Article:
Spam mails, a.k.a. junk mails, are unwanted or irrelevant emails that land in your mailbox. While the advertising-type of spam emails are harmless but annoying, there are other types of spam mails that you need to be aware of: phishing and malware spreading emails.
Phishing mails trick you into believing that they are sent from a legitimate and trusted company (such as banks or your business partners), and attempt to obtain your personal information. They will then use your information for fraudulent purposes.
Malware spreading emails come in suspicious attachments (or a url that links to the attachment), which release viruses that corrupt your PC or steal your private data if you download them.
To protect yourself from phishing scams and malicious attack, here are some ways to determine whether a specific email is a spam mail.
A legitimate company and bank will never ask you for personal and sensitive information – such as identification number, username and password – over email. If you receive any email that requires these information, no matter how genuine it seems, send it to the trash right away.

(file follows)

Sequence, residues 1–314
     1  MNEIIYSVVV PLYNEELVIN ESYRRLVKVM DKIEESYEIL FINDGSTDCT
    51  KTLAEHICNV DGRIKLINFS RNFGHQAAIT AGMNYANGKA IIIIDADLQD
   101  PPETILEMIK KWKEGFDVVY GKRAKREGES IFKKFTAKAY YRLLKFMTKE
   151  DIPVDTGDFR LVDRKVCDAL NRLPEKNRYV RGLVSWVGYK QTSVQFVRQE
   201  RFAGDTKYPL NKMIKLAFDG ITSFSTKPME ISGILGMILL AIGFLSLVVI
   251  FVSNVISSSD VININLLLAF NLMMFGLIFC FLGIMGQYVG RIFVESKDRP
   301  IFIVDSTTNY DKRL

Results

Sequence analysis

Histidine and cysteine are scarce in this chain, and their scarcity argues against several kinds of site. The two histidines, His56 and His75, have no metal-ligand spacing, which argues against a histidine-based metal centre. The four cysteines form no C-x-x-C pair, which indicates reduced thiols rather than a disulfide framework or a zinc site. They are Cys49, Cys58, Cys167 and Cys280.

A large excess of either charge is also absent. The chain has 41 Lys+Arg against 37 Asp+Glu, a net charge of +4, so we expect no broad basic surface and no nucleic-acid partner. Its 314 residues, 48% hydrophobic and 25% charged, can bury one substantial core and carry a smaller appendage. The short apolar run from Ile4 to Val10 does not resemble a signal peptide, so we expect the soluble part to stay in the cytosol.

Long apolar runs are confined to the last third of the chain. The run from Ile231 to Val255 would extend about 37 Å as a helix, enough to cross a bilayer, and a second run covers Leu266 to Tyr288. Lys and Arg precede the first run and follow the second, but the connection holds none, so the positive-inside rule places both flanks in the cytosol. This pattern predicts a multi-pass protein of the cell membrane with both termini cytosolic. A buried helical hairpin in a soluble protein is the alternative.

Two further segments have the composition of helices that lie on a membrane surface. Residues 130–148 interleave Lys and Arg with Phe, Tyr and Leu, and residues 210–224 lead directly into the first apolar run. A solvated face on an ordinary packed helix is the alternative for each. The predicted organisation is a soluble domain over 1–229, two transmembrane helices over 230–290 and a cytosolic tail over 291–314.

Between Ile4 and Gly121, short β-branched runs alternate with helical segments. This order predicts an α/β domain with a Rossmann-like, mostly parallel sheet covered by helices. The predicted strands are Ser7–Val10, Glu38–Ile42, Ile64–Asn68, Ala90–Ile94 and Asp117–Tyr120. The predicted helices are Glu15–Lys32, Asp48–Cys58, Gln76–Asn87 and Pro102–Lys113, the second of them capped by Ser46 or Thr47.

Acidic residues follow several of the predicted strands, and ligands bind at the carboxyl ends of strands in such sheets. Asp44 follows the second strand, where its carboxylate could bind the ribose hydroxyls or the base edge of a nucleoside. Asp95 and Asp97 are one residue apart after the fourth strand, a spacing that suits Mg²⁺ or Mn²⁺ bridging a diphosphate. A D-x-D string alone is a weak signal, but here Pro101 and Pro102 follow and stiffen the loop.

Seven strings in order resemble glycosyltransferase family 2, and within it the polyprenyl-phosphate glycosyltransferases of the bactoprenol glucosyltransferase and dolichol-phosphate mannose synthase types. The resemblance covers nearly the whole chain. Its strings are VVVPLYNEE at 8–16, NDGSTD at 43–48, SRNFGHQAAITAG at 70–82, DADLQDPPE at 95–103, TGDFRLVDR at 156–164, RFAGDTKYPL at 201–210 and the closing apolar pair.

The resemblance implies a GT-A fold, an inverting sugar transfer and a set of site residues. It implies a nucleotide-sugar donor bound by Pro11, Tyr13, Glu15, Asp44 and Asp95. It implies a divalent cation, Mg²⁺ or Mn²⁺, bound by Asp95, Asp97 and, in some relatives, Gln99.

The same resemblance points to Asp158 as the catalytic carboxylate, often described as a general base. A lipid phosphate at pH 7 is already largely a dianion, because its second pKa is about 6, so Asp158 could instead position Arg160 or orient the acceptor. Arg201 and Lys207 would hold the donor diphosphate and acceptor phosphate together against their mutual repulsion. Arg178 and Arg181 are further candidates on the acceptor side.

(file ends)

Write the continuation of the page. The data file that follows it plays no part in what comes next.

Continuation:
When receiving any email, even if it looks like it is from your regular sender, do look out for the sender name, domain and email address. Scammers could fake a domain or email by slightly changing their spelling, e.g. firstname.lastname@example.org to email@example.com.
A brand will never risk making a bad impression with spelling errors. That said, if you receive an email that contains more than two or three grammatical mistakes, or if it is poorly written, it is possibly a spam mail.
Beware of emails offering rewards, cash prizes, etc, and those that attempt to threaten you, such as asking you to click on a link or your email account would be terminated. These are all spam mails, designed to tempt you into clicking a button or link in the email, which could lead you to phishing sites, tapping your personal information.
Never open or download an attachment from an email unless you know what they are. If you happen to know the sender and choose to download the attachment, it is a good practice to always scan it using antivirus software. If you have doubts, contact the sender to verify if the attachment is genuine.
If an email contains links, hover your mouse over the link (without clicking) to see the full URL. If it does not match the context, it is probably a malicious link. Beware of slight alterations to URLS that you visit frequently, too. For example, companyabcsite.com might appear as companyabsite.com.